Most of us are peripherally aware that social networks such as Facebook build profiles from our demographic information, behaviors and preferences. Online, we may take these activities for granted, giving away the rights to our personal data in exchange for access to services. When recontextualized in a public sphere, these activities seem grossly intrusive. Sanctum leads the viewer to question the effects of constant surveillance and the impact of personal information becoming public
Chris Milk in collaboration with Aaron Koblin
The Johnny Cash Project, 2010–present
The Johnny Cash Project is a collective online art project created by hundreds of participants worldwide. Participants make drawings based on a set of Johnny Cash–related source photos chosen by a software program at random. Contributed drawings are then sequenced by the software to become the individual frames of a constantly evolving music video for the song “Ain’t No Grave,” Johnny Cash’s final studio recording. Frames can be viewed in this linear narrative and also by visual characteristics, including frames with the most brushstrokes, frames that are rendered realistically or abstractly, frames that are gestural or pointillist, or frames that are rated highest by viewers.
Through these ongoing contributions, no version of the video is ever the same — it continues to evolve, referencing the themes of mortality and resurrection present in the song’s lyrics. While every frame of the video is an expression of each participant’s contribution, as a whole, the work becomes a shared tribute to Cash and a slice of popular culture.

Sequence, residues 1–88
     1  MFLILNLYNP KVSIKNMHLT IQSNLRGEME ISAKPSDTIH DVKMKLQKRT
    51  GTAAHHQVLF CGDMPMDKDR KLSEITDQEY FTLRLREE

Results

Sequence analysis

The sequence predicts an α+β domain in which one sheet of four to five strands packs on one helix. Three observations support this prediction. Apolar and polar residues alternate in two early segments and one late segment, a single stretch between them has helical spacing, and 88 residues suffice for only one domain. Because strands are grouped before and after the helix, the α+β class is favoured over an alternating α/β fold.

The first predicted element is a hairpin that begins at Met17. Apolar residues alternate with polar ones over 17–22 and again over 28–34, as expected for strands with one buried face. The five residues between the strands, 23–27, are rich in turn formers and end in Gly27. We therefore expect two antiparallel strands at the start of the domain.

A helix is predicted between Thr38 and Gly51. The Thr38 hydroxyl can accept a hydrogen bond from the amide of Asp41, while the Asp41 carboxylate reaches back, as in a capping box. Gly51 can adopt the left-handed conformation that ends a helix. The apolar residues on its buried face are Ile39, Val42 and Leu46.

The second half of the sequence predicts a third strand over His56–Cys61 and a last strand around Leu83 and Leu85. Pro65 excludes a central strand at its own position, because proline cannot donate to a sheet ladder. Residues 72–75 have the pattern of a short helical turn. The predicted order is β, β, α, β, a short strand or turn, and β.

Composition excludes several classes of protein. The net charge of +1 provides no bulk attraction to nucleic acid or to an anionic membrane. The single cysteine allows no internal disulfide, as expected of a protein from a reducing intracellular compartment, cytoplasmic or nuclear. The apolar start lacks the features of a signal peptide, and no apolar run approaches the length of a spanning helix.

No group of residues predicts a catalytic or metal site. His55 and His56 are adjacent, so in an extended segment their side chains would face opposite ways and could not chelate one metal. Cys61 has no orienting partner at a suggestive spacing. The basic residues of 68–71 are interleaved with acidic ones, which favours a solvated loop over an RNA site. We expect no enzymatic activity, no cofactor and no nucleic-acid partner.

Jonathan Harris and Sep Kamvar
We Feel Fine, 2006
We Feel Fine by Jonathan Harris and Sep Kamvar visualizes human emotions by gathering phrases from blog entries containing the phrase “I feel” or “I am feeling,” amounting to approximately 15,000 feelings each day. These phrases are rendered as colored bubbles in an interactive, online visualization. The color of the bubbles represents the type of feeling — dark dots show sadness, while bright dots indicate happiness — and the size of the dot corresponds to the length of the phrase. The bubbles are presented in a variety of different views and visualized in clusters according to feeling type; by demographic information such as age, gender, location and weather; or based on photos that occur in the same source blog entry. This project resonates because it not only provides a platform for each individual voice but also a representation of the common emotions we all share. It presents a portrait of how the Internet is feeling at any given moment in time.
Measuring the Universe, 2007
Slovakian artist Roman Ondák’s work involves viewers in the process of art making, aiming to bridge the divide between the work and the viewer. Measuring the Universe is an installation first exhibited at the Museum of Modern Art in New York. Over the course of the exhibition, attendants marked visitors’ heights on the gallery walls using their first names and the date they were measured. The result is a dense pattern of thousands of black lines concentrated in the center of the gallery wall, framed by pure white space at the top and bottom. Measuring the Universe records both the presence of the individual visitor as well as the collective and alludes to the innate human desire to visualize the scale of the world.
The next post exploring data art, "Data as Truth" will release 11 August.